“I played football and ran track at the University of Georgia. I actually studied Agri-cultural Business and got my degree. After that I sold insurances, I did sales for Santos as well. I had a great life and was living my best life and I loved travelling with friends at the time. Partying and having fun and seeing different parts of the world. 10 years ago Tanzania , Zanzibar and I fell in love.” Amir tells Melanin Wonder.


Amir planned to travel every December and he could combine it with work. He has visited South Africa, Namibia, Kenya, Mali, Senegal and many more countries as the travel mogul he has become. The main focus became Nigeria.

I was invited to go to Brazil once, this now like 10 years ago, wow! For some reason the whole trip to Brazil got cancelled. It’s like the Gods planned it because another friend of mine asked me to join him to Tanzania. I was like, let’s go. That is when I literally fell in love in with Africa. I enjoyed the hospitality, the people and the food is amazing! 

Dynast Amir found out his roots are in the countries: Nigeria and Sierra Leone via African Ancestry. When you find out your roots then you are eligible to get a passport in Sierra Leone. You can travel through west Africa visa free. If you are Nigerian why would you not want your Nigerian Passport.

It has become a passion. To connect to African diaspora. The search for Uhuru platform is for anyone that is interested. Anyone can join the travelling groups to Africa too. Dynast also runs a YouTube channel where he documents his journey, to inform the people. It is also to engage

Dynast is a multi talented man because he also Writes! He wrote a  childrensbook which is available on Amazon.  I just got inspired to write a book one day and so I did it. That’s all that I can say about that haha. The YouTube channel is all about having conversations, talking about crypto and occasionally  politics.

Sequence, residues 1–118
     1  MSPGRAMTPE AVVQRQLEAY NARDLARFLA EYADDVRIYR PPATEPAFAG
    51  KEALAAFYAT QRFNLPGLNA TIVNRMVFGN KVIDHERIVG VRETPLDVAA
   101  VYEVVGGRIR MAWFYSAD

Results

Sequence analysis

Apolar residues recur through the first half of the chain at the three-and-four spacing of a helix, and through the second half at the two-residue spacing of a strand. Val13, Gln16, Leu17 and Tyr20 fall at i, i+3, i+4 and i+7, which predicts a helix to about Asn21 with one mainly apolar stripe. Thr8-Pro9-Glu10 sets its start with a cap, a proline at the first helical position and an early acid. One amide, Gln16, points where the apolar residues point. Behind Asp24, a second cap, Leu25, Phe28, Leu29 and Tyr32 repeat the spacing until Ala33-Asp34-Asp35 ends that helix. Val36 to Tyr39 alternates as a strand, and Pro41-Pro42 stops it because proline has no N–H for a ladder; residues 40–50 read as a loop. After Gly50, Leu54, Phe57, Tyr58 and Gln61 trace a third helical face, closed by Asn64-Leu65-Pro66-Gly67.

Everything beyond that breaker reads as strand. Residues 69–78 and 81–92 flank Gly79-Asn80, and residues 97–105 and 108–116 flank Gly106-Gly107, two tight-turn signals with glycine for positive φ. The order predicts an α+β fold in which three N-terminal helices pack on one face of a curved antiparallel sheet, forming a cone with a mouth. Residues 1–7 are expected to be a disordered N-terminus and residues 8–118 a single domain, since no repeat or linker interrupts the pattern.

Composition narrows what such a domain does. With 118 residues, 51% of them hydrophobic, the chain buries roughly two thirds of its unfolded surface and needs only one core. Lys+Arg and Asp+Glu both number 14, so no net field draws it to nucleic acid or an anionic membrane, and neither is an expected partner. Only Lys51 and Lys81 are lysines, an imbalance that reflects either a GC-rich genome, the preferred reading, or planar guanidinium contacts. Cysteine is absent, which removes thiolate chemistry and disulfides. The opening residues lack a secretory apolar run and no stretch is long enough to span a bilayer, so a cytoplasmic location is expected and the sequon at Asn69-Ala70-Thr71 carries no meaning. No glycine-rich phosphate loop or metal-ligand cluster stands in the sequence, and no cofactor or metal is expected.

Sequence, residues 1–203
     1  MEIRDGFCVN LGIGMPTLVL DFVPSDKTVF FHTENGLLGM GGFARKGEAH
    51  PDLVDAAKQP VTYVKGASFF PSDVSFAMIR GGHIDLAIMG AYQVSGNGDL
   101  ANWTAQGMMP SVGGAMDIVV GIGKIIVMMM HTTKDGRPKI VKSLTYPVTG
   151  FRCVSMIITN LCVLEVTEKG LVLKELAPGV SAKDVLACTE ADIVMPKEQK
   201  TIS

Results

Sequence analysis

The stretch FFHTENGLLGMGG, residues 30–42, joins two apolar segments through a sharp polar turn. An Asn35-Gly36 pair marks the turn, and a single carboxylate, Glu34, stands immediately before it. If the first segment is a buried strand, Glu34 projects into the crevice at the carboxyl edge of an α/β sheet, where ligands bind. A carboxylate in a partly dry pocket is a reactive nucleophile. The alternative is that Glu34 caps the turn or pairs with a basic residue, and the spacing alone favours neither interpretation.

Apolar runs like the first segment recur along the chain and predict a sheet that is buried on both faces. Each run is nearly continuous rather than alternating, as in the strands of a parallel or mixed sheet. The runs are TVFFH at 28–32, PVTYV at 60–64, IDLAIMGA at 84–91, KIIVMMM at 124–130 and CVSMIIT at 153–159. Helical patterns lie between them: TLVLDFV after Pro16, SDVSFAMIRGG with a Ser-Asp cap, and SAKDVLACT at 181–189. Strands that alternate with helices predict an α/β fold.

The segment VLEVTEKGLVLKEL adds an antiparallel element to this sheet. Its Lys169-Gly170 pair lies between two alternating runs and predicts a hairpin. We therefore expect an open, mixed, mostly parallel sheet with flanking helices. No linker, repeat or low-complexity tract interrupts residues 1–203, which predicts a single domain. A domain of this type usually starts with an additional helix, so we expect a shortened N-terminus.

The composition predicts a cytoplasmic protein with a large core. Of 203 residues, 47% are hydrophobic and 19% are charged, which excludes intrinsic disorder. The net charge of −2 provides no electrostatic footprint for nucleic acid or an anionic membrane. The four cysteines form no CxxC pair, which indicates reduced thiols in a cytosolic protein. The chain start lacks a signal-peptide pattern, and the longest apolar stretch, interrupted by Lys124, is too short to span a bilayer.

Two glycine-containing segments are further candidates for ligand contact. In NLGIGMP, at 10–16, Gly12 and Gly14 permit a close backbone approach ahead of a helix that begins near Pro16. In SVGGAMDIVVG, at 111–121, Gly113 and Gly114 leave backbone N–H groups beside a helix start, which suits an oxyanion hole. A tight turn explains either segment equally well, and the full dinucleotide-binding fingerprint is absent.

Dynast: “My first tour, was a tour to Nigeria 2019 during the well known Osun festival. To bring awareness to the Ororuwo kingdom. I did several tours, I bring people to Nigeria every Osun festival. Everyone can join the tour, this is global. But usually people of African descent like to join the tours of all ages.”

My roots were from the Ororuwo Nigerian Kingdom, they welcomed me and we talked. They were so happy to see me. They consulted the orishas, it was approved that I become a prince of the Ororuwo Kingdom. They initiated me and that is how I became Prince Dynast Amir. It is a real privilege. 


 I feels like I lost something and I have now found what was missing.


Native Americans now, I don’t really agree. We have been so far disconnected and we form own identity.

Youtube: Search for Uhuru

Find Dynast on the web too!

Instagram – Dynast



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RiRi honoured for her ‘extraordinary commitment’ to Caribbean island as it makes a historic political transition.




RiRi Rihanna honoured for her ‘extraordinary commitment’ to Caribbean island as it makes a historic political transition.

The singer was honored Monday in her native Barbados during its presidential inauguration, which served to mark the country becoming a republic. Barbadian Prime Minister Mia Mottley told the crowd: “May you continue to shine like a diamond and bring honor to your nation by your works, by your actions and to do credit wherever you shall go”.